The period of 1919–1940 laid the foundation for legal writing in the Estonian language, national legal science and development of the national legal staff. With the imposition of the Soviet rule and violent incorporation of Estonia into the Soviet Union in 1940, the natural development of the Faculty of Law of the University of Tartu that had followed the European tradition ceased. Free juridical thought had to be reduced to fit the narrow and dictated frames of the totalitarian state.
During the Soviet period lawyers of the Tartu State University, although working under severe ideological pressure, were involved in research and legislative work. Directly before Estonia regained its independence in 1991 the Faculty of Law prepared the Development Plan for Legal Education and Legal Science on the basis of the necessity to create an Estonian national legal order. The main theses of it were published in the law journal Eesti Jurist (Eesti õigushariduse tulevikust. On the future of Estonia’s legal education. – Eesti Jurist, 1991, No.1, pp. 10–17).
After Estonia regained her independence in the beginning of the 1990s, the Faculty of Law faced the ambitious task of creating conditions for the development of legal science and academic education in law based thereupon that would correspond to the requirements of the democratic civil society and free market economy. The Faculty of Law set the objective to develop an institution that would perform scientific, educational and cultural public functions and safeguard the communication on a par with similar institutions of the world. The Faculty of Law has set the priority to conduce to the development of legal scientific thought that would take into consideration the unifying trends related to the globalisation processes, while not losing sight of its irreplaceable role in safeguarding the development of the Estonian national legal science.
In order to fulfil the aforementioned objectives, large-scale institutional and substantive reform had to be implemented. The first one covered the modification of the structure of the faculty – institutes of public law and private law and the corresponding professorship (chairs) were created. Further efforts concerned safeguarding the retraining of teaching staff and obtaining of new instructors. Substantive reform comprised all areas of public and private law without any exceptions. The curriculum had to be entirely reorganised and research capable of international competition had to be ensured. Together with the revised curricula a new system of degree studies, involving master’s and doctorate study, was introduced in the Faculty of Law.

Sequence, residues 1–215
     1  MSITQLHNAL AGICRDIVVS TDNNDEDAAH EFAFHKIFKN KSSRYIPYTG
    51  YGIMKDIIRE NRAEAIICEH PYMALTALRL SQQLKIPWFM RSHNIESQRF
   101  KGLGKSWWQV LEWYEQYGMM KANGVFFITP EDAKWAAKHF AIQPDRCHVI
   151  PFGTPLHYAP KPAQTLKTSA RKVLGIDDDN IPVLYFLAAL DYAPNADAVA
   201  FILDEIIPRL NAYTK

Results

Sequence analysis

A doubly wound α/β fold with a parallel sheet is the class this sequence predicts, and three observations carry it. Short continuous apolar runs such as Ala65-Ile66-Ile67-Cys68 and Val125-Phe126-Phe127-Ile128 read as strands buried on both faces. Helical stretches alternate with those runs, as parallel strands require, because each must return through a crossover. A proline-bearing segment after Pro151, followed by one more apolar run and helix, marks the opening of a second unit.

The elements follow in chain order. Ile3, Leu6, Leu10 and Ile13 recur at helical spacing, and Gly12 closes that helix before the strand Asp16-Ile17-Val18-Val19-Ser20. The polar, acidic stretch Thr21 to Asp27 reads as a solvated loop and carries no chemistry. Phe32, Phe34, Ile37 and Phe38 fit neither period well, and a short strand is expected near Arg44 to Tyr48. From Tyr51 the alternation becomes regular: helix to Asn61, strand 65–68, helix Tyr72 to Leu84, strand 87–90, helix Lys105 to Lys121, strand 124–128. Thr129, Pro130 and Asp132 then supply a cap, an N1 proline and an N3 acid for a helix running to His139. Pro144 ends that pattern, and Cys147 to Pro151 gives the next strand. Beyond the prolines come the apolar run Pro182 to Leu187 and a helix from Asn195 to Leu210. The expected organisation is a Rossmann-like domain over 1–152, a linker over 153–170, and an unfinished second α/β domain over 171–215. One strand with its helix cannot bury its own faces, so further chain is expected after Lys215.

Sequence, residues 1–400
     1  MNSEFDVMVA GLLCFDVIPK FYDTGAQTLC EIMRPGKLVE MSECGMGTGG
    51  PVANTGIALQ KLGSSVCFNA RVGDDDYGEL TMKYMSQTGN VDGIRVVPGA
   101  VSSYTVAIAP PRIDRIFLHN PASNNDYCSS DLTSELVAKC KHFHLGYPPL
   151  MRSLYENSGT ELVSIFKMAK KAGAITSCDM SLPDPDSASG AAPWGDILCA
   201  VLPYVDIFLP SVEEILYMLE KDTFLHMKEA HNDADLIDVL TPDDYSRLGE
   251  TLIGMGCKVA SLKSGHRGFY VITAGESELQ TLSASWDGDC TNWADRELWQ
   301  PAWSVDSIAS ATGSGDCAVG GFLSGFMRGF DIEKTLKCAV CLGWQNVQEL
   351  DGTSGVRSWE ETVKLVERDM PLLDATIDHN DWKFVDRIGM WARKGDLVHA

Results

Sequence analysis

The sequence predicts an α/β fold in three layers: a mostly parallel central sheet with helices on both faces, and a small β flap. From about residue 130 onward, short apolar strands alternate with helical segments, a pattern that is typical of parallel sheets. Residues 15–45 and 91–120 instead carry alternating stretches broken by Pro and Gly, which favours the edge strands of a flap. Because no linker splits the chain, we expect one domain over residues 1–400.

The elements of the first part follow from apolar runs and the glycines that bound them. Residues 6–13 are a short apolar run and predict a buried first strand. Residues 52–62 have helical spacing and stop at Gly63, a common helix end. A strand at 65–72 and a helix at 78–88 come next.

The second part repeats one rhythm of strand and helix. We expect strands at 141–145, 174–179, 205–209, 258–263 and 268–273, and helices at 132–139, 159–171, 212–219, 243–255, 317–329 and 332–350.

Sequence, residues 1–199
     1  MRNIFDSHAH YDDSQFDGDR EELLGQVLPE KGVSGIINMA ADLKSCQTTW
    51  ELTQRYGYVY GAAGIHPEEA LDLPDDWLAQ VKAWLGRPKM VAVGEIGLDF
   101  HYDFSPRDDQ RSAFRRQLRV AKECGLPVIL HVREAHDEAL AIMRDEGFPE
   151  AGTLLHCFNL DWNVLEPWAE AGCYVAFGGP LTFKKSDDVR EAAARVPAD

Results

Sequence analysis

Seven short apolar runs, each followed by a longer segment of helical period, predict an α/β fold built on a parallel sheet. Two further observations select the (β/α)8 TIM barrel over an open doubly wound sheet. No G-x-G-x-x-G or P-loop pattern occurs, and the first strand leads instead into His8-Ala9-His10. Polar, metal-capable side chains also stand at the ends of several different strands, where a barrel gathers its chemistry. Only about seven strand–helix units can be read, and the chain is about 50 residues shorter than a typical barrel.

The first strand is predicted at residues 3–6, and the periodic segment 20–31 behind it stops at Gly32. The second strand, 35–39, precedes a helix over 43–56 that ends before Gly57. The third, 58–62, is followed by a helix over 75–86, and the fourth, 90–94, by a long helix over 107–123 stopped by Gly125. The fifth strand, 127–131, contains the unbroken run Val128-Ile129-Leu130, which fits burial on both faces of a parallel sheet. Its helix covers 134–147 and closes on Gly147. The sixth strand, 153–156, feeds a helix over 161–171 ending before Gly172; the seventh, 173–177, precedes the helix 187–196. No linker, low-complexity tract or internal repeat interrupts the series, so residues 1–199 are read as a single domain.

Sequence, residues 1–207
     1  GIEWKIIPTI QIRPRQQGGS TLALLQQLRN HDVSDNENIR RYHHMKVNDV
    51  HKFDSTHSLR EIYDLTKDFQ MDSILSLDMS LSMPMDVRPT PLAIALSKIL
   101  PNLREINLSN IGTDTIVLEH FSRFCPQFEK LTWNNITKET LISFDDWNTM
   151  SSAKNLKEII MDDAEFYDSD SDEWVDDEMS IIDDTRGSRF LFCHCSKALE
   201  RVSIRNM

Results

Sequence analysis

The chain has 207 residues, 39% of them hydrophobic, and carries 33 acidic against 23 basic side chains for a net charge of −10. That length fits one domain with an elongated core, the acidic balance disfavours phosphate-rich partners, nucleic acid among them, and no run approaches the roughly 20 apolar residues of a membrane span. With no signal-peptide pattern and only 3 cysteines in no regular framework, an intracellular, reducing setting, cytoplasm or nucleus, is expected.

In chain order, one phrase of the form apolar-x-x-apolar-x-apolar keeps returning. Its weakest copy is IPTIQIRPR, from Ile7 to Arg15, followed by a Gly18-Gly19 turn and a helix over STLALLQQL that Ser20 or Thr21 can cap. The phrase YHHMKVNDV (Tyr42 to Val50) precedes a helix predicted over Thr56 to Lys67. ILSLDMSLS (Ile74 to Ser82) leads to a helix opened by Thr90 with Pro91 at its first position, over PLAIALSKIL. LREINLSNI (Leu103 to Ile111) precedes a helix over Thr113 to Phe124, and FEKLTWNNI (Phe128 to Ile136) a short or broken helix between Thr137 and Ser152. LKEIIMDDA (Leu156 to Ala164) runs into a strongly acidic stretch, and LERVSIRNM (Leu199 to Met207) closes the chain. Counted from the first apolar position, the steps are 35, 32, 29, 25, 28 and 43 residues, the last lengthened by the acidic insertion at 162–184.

By the year 1994, the major part of the Development Plan had been implemented and this caused its supplementation and amendment. During the spring term of 1994, the development strategies of the Faculty were upgraded and specified and a new version of the Development Plan for the Faculty was prepared (the Commission of the Development Plan of the Faculty elaborated it in April–May 1994 and the results were submitted to the Rector of the University of Tartu on May 24th, 1994).
Considering the fact that by the year 2000 the major part of the aforementioned Development Plan had been implemented and that the development of the statehood and society of Estonia required new approaches and the Faculty was confronted with new objectives, the new Development Plan was elaborated for the Faculty of Law for the period 2000–2005 and it was adopted by the meeting of the Faculty Council on October 24th, 2000 and approved by the University Council. Upon creation of the Development Plan, the opinions and recommendations of the leading Estonian justice institutions and associations were considered.
The Faculty of Law has not been alone in its efforts – there has been co–operation with many leading European universities; of those, Universities of Münster, Helsinki, Uppsala and Glasgow could be mentioned as the most important ones. The EuroFaculty that was opened in 1993 in all Baltic States has had a remarkable role in restructuring the Faculty of Law. The EuroFaculty has been created by the Council of the Baltic Sea States and its purpose is to support local faculties in implementation of reforms in the area of legal, economic and political science.
It is also inevitable to note that after the re–establishment of the independent Republic of Estonia, the Faculty of Law of the University of Tartu has acquired an active role in the execution of the law reform. Since 1991, the teaching staff of the Faculty has been participating in the process of legislative drafting; almost fifty draft Acts have been prepared with the Faculty staff involved as the heads or members of working groups.